The U.S. Navy has authorized the Surface Warfare Officer Leather Jackets (SWO Jackets) for exclusive wear by Surface Warfare Officers as a uniform item to mark professional achievement within the community. The Surface Warfare Community has a long-standing history of excellence, and a uniquely identifiable wearable item is one way to signify that excellence. This leather jacket also identifies the outstanding achievement, professionalism, and warrior ethos of the SWO that is wearing it. The Office of the Chief of Naval Operations (OPNAV N1) has approved the SWO Jacket for incorporation into Navy Uniform Regulations. Uniform Regulations are being updated to reflect this change and to describe the manner of wear. OPNAV N1 designated the SWO Jackets as organizational clothing with exclusive designation for SWOs. Foul Weather jackets will still be issued to ships as organizational clothing for wear. “The shared experiences of SWOs are incredibly unique,” said Vice Adm. Richard Brown, Commander, Naval Surface Forces. “We train together, stand watch together, walk the deck-plates together, and lead an amazing Fleet of Sailors together. But we also walk on the hallowed shoulders of giants who built our warfighting and ship-driving legacy. From the blue-water ships to our amphibious fleet, we bring our fighting spirit to all of our ship classes. I have no doubt SWOs will wear it with pride, as a visual representation of the bond of being underway and out to sea.” OPNAV N1 also approved Commander, Naval Surface Forces’ request to authorize Active, Reserve, and Full Time Support (FTS) Surface Warfare Officers with designators 1110, 1113, 1115, and 1117 who have earned the Surface

Warfare Qualification to wear the SWO Jacket. Surface Warfare Officers with designator 1115 must be actively on orders or in a drilling status to have a jacket issued to them. Currently, there are two wear tests for the prototype SWO Jackets. In coordination with Navy Clothing and Textile Research Facility (NCTRF), select SWOs are testing the form, fit, and functionality of the jacket in order to provide user input and feedback prior to final design and acquisition. Specifically, the users are evaluating the quality of the fabric, the design, the look, the feel, and how the jacket performs in different environments. Thus far, officers have provided initial feedback regarding the leather quality of the jacket and the current position of the pockets. Jackets have also recently completed fit-testing in Newport, RI to ensure sizes match body types. Naval Surface Forces in conjunction with the Director, Supply, Ordnance and Logistics Operations Division (OPNAV N41) and other key stakeholders are establishing policy that will govern the inventory, management, and accounting of the SWO Jackets. The SWO Jacket contract is currently out for bid. We expect that contract to award in late FY19 and the goal is to begin distributing the SWO Jacket to all qualified officers as soon as possible in FY20. The jackets will be authorized for wear with a name patch only. Standard Leather name patches and Command specific name patches are permitted. If you have additional questions, contact the Surface Warfare Leather Jacket Manager, Harry Davis at 619-4373519 or Harry.Davis@Navy.mil.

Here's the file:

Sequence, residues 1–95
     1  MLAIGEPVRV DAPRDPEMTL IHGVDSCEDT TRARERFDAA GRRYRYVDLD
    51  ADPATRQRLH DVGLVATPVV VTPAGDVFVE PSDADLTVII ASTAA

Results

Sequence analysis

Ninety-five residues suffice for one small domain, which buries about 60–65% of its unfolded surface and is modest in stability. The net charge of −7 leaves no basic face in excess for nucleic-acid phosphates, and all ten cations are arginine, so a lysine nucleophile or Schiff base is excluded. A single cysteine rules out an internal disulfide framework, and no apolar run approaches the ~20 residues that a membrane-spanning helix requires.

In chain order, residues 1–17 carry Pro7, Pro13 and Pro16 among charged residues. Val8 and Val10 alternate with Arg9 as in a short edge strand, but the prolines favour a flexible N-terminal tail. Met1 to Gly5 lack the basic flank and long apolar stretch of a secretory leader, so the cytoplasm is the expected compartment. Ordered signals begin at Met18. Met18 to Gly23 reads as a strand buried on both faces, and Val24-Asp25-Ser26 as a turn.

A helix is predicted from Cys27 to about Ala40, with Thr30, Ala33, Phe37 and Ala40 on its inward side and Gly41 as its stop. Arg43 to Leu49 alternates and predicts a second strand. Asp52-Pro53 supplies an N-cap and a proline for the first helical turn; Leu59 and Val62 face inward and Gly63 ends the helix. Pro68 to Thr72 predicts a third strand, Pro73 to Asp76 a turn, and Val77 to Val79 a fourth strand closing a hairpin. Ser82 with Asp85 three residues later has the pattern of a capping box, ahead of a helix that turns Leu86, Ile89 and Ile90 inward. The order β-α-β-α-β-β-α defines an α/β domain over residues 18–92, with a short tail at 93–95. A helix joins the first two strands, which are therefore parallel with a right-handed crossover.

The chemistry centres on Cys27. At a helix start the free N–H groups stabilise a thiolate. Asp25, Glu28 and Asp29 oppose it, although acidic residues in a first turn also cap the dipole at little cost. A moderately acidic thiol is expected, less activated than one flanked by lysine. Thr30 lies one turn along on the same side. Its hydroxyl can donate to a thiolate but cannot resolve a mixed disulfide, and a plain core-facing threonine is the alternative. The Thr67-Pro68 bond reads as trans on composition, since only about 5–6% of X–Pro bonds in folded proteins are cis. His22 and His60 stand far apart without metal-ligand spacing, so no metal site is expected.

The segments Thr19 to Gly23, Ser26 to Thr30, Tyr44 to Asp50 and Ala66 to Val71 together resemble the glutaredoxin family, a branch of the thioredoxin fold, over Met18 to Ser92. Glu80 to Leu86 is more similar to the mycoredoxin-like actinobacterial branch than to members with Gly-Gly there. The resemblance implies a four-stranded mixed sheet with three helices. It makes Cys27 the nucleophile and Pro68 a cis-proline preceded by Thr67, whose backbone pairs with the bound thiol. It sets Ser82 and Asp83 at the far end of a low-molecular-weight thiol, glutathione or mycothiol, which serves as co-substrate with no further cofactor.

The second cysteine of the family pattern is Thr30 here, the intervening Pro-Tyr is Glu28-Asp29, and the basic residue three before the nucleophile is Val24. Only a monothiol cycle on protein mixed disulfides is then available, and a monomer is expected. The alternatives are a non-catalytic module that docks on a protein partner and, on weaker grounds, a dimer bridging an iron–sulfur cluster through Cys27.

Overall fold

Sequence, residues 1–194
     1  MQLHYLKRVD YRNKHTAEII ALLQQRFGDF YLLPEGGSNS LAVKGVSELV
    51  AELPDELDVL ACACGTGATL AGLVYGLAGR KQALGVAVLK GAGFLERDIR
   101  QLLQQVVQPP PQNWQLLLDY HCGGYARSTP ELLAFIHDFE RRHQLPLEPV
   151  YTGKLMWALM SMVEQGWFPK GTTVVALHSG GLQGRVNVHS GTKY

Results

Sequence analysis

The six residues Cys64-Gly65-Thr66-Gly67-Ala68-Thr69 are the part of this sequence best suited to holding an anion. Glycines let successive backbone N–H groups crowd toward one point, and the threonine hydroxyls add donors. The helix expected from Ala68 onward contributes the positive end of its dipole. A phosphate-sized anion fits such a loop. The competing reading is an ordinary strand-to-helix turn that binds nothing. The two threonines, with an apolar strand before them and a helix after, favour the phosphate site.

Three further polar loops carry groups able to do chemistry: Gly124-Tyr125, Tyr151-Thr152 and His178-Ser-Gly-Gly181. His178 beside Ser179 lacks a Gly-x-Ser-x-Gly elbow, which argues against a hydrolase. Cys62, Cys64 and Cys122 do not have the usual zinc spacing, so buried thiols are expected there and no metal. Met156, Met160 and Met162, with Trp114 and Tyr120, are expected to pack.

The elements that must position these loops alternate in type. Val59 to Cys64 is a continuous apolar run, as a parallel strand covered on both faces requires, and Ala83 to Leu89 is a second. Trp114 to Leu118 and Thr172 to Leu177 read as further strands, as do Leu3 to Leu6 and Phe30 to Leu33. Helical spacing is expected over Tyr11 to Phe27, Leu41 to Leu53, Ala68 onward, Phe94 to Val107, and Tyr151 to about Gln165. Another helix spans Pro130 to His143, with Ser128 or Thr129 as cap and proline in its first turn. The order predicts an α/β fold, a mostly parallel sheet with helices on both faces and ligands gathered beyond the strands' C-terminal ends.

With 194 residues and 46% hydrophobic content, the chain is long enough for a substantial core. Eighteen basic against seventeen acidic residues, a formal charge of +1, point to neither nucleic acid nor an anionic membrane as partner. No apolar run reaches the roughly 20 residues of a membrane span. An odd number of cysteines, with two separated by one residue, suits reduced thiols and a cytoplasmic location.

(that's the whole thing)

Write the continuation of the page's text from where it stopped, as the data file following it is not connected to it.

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Photos by Mass Communication Specialist 1st Class Woody S. Paschall

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Welco The Goa

4,744 Chief’s Selected

Navy-wide

644

Surface Pacific Selected

24,000 Chief Petty Officers Active Duty or FTS

Layout by Mass Communication Specialist 2nd Class Joseph Millar

7%


22%

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ome To at Locker

1,042

Naval Surface Forces

Selected

8% 398

Surface Atlantic Selected

8%

NON Surface Forces Advanced

The Pacific and Atlantic fleet naval surface forces welcomed their new chief petty officers into the CPO Mess, Sept. 16, with pinning ceremonies held on surface ships and at shore commands across the globe. Throughout the six weeks of CPO initiation, they were trained and tested by their Chiefs Messes, and then accepted in the Goat Locker, a historical term for the Chiefs Mess. Congratulations to all new COMNAVSURFFOR chief petty officers!